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Sheyenne and Wild Rice rivers causing significant overland flooding

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Conditions at the Absaraka Dam improved overnight as colder temps helped slow water in the spillway.

Late Wednesday afternoon, Cass County officials issued a pre-evacuation notice for eight homes downstream of the spillway, near Absaraka, N.D., as water eroded the earthen dam.

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The county's emergency manager, Dave Rogness, said colder temperatures slowed water spilling over the dam. The North Dakota National Guard monitored the area overnight and is ready to respond if needed.

Floodwaters overtook several more county roads, including three spots on Cass County 17 between West Fargo and Harwood, prompting County Engineer Keith Berndt again urged motorists to use caution.

The flood fight in rural Cass is far from over, though.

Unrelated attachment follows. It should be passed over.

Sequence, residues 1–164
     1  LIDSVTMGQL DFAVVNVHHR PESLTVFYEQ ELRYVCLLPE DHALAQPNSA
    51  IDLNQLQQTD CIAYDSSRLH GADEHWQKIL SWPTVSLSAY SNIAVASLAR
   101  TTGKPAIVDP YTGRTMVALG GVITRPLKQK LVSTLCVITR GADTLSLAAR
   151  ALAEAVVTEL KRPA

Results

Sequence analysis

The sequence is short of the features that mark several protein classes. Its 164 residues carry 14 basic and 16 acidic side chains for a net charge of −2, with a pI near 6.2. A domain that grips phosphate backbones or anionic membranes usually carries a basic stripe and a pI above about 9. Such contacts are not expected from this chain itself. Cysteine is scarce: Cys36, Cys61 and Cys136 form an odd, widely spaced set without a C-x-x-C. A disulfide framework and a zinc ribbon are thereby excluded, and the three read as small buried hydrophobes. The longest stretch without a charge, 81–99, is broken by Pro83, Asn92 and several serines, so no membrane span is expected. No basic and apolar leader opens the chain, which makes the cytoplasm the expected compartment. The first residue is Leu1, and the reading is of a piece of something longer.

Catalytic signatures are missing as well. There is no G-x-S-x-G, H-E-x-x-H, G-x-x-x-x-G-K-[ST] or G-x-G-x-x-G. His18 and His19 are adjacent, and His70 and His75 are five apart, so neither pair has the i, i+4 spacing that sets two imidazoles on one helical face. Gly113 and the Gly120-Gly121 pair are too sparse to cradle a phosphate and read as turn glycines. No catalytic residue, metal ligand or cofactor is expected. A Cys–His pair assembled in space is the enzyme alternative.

Berndt said the Sheyenne River continues to rise, forcing water to breakout south and north of the metro area. Residents living north of West Fargo have access issues as floodwaters head overland.

"We have properties along the Wild Rice and Sheyenne that we continue to have a host of problems, but all in all we're doing," County Administrator Bonnie Johnson said in a morning flood briefing.

Johnson said volunteers turned out Wednesday to bolster rural residents' defenses against floodwaters, and gave special thanks to high school students and FirstLink volunteers for their help.

The county also is watching and monitoring flood battles in smaller incorporated cities, like Oxbow and Briarwood, and is prepared to aid if needed.

The county also finished its clay levees Wednesday night, and patrols and security checkpoints will be in place today.

To aid with emergencies, the sheriff's department has setup quick response stations in Hickson and Harwood.

Kevin Gorder of the North Dakota Department of Transportation also gave a road update this morning.

Water over Interstate 29 south of Fargo has receded, but motorists traveling west of the metro on Interstate 94 should be aware that water is on the roadway about 50 miles west of Fargo.

In addition, road work on I-29 between Fargo and Harwood has helped keep the stretches of highway open thus far.

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